People obviously prefer more than subsistence dining even on the Amazon and Nestle hopes to bring it to them. It's interesting to see who is protesting this -- folks who make a living touting the latest in French truffles, Italian hand cut pasta, Himalayan purple salt or imported Swiss mineral water:
At Alternet, Michele Simon, a public health lawyer and author of Appetite for Profit: How the Food Industry Undermines Our Health and How to Fight Back, calls this an "especially disgusting news item" about which "writing about it is the only way I know to release my outrage. My version of screaming from the rooftop." Her post was tweeted approvingly by food luminaries like the New York Times' Mark Bittman and (the late) Gourmet's Ruth Reichl, who suggested that reading it would be a good way to bring one's blood to a rolling boil. Simon writes:
If there are people out there so backwards to still be subsisting on food found in nature, Big Food will find them, by land or by sea, and set them straight.
Life without powered milk and snacks--even if they are appropriately low priced and nutritionally enhanced, as many of the products on the boat are--would somehow be better, purer, simpler, Simon suggests: "They probably don't even realize they are missing out on Toll House, Raisinets, and Sno-Caps," and Nestle should leave it that way. Her reaction is pretty much the opposite of "whatever floats your boat"--something more along the lines of "that boat had better be powered by locally-grown leafy greens, mister!"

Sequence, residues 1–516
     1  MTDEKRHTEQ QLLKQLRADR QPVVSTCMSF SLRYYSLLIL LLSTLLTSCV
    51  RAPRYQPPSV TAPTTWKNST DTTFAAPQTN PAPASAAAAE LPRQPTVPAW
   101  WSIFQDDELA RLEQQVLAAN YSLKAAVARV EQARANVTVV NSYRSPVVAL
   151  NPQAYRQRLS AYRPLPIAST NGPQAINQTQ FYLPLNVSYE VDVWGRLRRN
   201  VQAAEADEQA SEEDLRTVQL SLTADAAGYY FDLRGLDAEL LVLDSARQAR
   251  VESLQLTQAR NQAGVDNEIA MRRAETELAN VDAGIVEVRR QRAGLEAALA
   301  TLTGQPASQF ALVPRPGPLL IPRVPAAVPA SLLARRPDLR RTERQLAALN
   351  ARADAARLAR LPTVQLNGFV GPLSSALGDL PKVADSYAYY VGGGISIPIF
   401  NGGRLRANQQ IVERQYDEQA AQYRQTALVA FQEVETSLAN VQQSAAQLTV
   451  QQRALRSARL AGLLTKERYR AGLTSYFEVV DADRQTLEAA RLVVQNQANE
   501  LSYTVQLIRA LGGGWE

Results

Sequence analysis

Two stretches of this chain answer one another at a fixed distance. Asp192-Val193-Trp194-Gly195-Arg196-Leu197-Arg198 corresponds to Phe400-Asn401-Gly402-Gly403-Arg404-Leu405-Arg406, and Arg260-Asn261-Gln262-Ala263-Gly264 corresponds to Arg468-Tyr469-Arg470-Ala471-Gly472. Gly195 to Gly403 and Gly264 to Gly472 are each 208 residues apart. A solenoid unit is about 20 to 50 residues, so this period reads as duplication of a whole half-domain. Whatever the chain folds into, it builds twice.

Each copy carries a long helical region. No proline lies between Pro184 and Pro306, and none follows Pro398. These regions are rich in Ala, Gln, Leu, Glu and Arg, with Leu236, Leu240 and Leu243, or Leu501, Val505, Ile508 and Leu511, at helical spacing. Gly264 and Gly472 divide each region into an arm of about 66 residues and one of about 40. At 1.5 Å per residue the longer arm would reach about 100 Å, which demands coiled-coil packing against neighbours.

Surely Julia Child watches all this from a lofty perch in heaven rolling her eyes in disgust at this bizarre end to the American food revolution she and James Beard and Craig Claiborne led.
Maybe he could spread his good works to people whose principal works don't involve murdering civilians. Just a thought, Jimmy.
Finally, Paul McCartney who forgot that Laura Bush was a librarian and her husband an avid reader, made news with yet another stupid observation. Jay Nordlinger of NRO writes:
As you know, some years back, global-warming campaigners hit on the idea of calling their opponents - global-warming skeptics (many of them top-flight scientists) - "deniers." That was meant to be parallel with Holocaust deniers. Al Gore is only one of many who use this term "denier." (I once asked Václav Klaus about this. And he said, in essence, "Well, then, I'm denier-in-chief.") Okay, here's McCartney, saying that the oil spill in the Gulf could have a positive effect, because it would wake people up to the badness of oil: "Sadly we need disasters like this to show people. Some people don't believe in climate warming - like those who don't believe there was a Holocaust."
Maybe that vegan diet is affecting his thinking or-just maybe-his musical success doesn't qualify him as an expert on scientific or even historic observations.
In any event, his greenie remarks are far less threatening to our welfare than the eco freaks who this week threatened the life of Judge Feldman (no relation) for enjoining the oil drilling ban.
Why do I have the idea that the eco and food freaks are hubristic nutcases who are so impressed with their own views, tastes or interests that they insist no one else's be heard or considered?